The Korea Herald


[Kim Seong-kon] Remembering John Barth and the Korean 1980s

By Korea Herald

Published : June 4, 2024 - 17:34

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Recently, the celebrated American author John Barth passed away, leaving behind his long-lasting legacy of postmodern literature. In his monumental essay, “The Literature of Exhaustion” (1967), Barth declared that literary realism and conventional modes of literary representation had used up their possibilities in the postmodern era of electronic media and pop culture. In his 1982 sequel essay “The Literature of Replenishment,” he proposed “postmodernism” as a means to replenish the exhausted potential of print-oriented literature.

I first met John Barth in 1980 at Johns Hopkins University where he taught creative writing. I requested an interview, and he kindly invited me to lunch at JHU. Barth was already a well-known celebrity novelist and yet he was a modest, charming person of admirable character. We discussed postmodernism with reference to his works. Our conversation appeared in “Literature & Thought.”

Later, we met again at Pennsylvania State University where I taught as a visiting Fulbright professor. We invited John Barth for a special lecture on the future of the novel. A foremost postmodern writer, Barth enlightened us that reality was no longer a fixed entity and thus could be as elusive as fantasy. He agonized over the predicament of contemporary writers who had to wrestle with this elusive reality at a time when even a TV drama could create reality. In his innovative 1968 fiction, “Lost in the Funhouse,” therefore, Barth compared his protagonist, Ambrose, who was lost in a mirror room of the funhouse in the amusement park, to self-reflexive contemporary writers.

In his 1972 fiction, “Chimera,” Barth compared postmodern writers to Scheherazade’s sister, Dunyazad, in “Arabian Nights.” In “Chimera,” Dunyazad marries King Shahryar’s brother Shah Zaman, who asks her to tell him stories every night just as her sister Scheherazade has done for his brother. The problem is that Shah Zaman already knows all the stories Scheherazade has told his brother. Thus, Dunyazad has to invent new stories to entertain her husband every night. According to Barth, postmodern writers, like Dunyazad, must conjure up new stories out of exhausted possibilities.

As Barth prophesized, we are now living in an era when printed novels have to compete with electronic media such as Netflix, YouTube and a myriad of video games. If novelists fail to provide more powerful, more intriguing stories than those electronic media, the novel will inevitably perish and become obsolete.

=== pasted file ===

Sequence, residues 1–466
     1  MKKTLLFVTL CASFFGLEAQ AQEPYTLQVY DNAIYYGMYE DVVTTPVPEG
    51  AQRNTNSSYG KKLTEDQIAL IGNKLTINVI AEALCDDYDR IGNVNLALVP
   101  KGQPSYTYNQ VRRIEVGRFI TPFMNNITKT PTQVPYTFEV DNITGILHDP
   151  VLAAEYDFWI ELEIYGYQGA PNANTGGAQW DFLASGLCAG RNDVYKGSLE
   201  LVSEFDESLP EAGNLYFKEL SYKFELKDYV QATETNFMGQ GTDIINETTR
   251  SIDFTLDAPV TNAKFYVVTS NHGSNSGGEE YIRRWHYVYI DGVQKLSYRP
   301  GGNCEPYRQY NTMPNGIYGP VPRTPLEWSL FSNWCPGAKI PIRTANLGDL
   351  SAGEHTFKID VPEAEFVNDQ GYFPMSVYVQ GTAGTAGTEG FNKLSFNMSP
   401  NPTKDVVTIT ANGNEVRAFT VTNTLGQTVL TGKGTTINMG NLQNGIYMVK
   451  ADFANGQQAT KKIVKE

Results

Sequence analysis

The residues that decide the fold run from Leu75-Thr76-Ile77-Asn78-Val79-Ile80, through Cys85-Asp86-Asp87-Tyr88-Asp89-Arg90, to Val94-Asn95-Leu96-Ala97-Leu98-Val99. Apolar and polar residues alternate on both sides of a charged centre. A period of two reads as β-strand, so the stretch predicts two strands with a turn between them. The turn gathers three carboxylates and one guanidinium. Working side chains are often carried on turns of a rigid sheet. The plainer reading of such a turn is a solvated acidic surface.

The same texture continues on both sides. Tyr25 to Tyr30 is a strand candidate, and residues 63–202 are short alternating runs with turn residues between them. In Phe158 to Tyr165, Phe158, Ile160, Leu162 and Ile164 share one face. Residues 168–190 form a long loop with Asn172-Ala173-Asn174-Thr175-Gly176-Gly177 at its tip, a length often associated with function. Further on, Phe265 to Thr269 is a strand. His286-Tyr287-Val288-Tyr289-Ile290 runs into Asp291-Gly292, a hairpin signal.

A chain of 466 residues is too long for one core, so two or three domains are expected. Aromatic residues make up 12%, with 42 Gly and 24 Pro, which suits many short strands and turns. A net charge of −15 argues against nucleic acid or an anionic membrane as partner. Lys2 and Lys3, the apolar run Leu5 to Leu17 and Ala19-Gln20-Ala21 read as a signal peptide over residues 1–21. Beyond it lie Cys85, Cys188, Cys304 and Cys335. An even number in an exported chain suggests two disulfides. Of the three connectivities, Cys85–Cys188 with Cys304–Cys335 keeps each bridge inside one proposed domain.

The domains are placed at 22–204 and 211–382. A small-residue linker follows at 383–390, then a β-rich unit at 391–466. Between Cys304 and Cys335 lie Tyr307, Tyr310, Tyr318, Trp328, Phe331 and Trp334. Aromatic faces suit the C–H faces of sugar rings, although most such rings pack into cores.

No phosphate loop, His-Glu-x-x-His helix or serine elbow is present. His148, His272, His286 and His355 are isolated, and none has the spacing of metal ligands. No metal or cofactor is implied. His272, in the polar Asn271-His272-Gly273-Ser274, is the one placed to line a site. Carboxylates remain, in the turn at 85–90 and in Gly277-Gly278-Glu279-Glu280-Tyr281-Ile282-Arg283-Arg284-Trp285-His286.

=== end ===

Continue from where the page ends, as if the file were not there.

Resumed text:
Today’s readers, who are infatuated with computers and smartphones, are more tyrannical than King Shahryar is and they can send the boring novel into extinction almost instantly. Today, therefore, it is more important than ever to heed Barth’s advice to postmodern writers: we should explore new stories and modes in order to bring the reader back to the novel and to replenish literature that had exhausted its possibilities.

When I returned to South Korea and began teaching at Seoul National University in the 1980s, the Korean Republic of letters and academia were at war, divided into the realist camp and the modernist camp. The anti-government political dissidents clustered around the realist camp, chanting for socially engaged literature and the art-for-art’s sake, non-political people gathered at the modernist camp, advocating pure, elite literature. There was no middle ground allowed.

Few Korean authors at the time agonized over the difficulty of “fiction making” in the era of electronics. They still believed that reality was as solid as a rock. Few Korean scholars in the humanities were aware of the radical change either, which was taking place in literature worldwide in the name of postmodernism. In fact, few Koreans knew what postmodernism was in the 1980s. Embarrassingly, Koreans were and still are slow to catch on.

Under the circumstances, it was not easy to teach postmodernism because it was like encouraging young people to seek a third way amidst rigid binary oppositions. Yet, I assigned John Barth’s novels to my students with reference to postmodernism, so they could open their eyes to another world that provided them with a third possibility.

Thanks to John Barth, my students learned that the ages of realism and modernism were over and they were now living in the age of postmodernism that suited the era of pop culture and electronics. They also learned that realism lost its validity, as reality was no longer a fixed thing, but could be an illusion. They learned that the age of elitist modernism was over, too, and that they lived in the postmodern era when they should reconcile with pop culture and electronic media.

John Barth gave us an important insight when he pointed out, “There is no single truth in fiction. It's all about different perspectives and interpretations.” However, in the 1980s, Korean writers and scholars believed that there was “absolute” truth in literature, and thus they did not allow different perspectives and interpretations. Barth also said, “There are no original stories, only different ways of retelling them.”

Now we realize that John Barth was truly a prophetic, pioneer postmodernist. We miss him very much.

Kim Seong-kon

Kim Seong-kon is a professor emeritus of English at Seoul National University and a visiting scholar at Dartmouth College. The views expressed here are the writer’s own. -- Ed.